The NASA spacecraft that smashed into the Utah desert last month while bringing home fragile samples of the sun may have been doomed by engineering drawings that had been done backwards, an investigating board said Friday.Mistakes will be made. That's why you have reviews. And I'd say that Lockheed-Martin needs to review their system PDQ.
Because of the backward drawings, the switches that were supposed to detect Genesis' re-entry into Earth's atmosphere and trigger its parachutes were placed incorrectly, said Michael G. Ryschkewitsch, chairman of the Mishap Investigation Board.
He emphasized, however, that the panel has not completed its findings on what went wrong with the $264 million mission to capture particles of the solar wind.
The design drawings were produced by Lockheed Martin Astronautics, which built Genesis for NASA, Ryschkewitsch said. How the mistake escaped detection is under investigation, he said.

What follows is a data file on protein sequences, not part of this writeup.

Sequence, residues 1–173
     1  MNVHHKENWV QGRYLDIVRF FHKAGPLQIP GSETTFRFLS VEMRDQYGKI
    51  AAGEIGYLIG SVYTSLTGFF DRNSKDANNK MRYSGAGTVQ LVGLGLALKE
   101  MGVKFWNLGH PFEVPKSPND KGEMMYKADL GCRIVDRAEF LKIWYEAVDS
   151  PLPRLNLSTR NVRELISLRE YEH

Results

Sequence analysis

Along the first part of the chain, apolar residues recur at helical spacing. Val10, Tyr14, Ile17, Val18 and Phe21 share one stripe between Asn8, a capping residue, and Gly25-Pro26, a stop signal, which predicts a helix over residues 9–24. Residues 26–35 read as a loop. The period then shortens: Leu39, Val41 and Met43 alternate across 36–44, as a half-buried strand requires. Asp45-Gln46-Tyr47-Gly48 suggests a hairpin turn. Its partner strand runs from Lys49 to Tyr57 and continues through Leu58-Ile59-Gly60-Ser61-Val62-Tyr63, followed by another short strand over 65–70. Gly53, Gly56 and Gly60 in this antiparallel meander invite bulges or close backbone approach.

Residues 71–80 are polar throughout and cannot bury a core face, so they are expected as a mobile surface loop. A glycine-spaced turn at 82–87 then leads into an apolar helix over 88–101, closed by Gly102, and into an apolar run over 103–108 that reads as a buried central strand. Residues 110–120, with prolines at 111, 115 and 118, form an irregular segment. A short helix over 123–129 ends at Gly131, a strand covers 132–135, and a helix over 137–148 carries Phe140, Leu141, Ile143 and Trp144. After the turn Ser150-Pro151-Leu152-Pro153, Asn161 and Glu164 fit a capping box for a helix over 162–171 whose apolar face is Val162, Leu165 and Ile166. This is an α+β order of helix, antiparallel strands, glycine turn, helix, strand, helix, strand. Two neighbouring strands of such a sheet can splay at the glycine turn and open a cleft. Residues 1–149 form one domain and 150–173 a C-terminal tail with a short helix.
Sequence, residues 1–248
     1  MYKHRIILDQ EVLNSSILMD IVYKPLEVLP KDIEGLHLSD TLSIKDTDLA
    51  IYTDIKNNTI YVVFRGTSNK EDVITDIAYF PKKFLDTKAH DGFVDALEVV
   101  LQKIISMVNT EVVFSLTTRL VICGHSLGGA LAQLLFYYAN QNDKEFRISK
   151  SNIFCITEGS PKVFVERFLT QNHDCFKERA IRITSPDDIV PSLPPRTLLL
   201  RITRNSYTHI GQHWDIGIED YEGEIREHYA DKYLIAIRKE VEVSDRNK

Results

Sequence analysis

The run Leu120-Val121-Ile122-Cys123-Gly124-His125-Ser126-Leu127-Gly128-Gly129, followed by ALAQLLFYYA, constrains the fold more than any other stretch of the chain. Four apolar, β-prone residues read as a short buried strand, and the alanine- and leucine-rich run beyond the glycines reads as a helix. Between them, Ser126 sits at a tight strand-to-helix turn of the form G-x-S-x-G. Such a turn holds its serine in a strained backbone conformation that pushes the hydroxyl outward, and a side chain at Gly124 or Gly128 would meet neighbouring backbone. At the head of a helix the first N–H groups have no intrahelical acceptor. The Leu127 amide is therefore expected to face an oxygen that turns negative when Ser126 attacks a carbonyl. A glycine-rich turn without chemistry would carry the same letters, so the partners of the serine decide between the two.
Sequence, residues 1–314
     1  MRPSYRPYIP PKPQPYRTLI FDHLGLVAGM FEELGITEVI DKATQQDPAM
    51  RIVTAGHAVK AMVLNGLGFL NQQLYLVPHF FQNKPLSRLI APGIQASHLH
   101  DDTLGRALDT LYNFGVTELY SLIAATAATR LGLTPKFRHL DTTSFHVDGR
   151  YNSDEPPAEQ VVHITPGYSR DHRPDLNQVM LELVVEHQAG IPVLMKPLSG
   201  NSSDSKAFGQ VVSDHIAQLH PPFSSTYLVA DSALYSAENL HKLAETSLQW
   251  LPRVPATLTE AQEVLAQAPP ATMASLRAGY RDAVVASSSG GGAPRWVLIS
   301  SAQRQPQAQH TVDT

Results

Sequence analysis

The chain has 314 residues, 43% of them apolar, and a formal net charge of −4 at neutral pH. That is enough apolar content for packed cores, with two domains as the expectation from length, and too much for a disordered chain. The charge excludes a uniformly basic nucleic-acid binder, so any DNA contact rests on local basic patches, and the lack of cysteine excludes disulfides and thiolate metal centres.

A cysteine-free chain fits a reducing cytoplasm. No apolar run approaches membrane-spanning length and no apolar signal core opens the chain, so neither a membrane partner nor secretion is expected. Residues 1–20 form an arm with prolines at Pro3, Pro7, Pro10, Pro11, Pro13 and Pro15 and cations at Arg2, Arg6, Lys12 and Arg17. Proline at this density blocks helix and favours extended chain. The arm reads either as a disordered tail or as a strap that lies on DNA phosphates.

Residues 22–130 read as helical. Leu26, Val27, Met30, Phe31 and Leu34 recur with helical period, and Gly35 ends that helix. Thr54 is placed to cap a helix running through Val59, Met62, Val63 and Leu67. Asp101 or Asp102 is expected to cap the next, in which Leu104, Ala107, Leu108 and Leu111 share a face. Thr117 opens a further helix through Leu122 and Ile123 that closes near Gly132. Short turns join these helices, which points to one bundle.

The discovery of the likely cause of Genesis' crash raised questions about review processes at Lockheed Martin Astronautics, which was involved in a pair of failed Mars missions that were major embarrassments for NASA.
NASA's Mars Polar Lander, built by the company, was lost in December 1999, probably when a sensor cut off its descent motor too soon. A few months earlier, the Mars Climate Orbiter was lost when no one noticed that Lockheed Martin Astronautics was giving NASA navigation data in English units rather than metric.
"Since Genesis was being assembled around the time of the Mars failures there were a number of additional reviews and we are trying to understand in detail what was looked at and exactly what happened there, and we're not yet prepared to comment on that," Ryschkewitsch said.
Lockheed Martin Space Systems Company, based outside Denver, did not immediately return phone messages and pages left after business hours Friday.
Sunday, 17 October 2004
From the Seattle Post Intelligencer :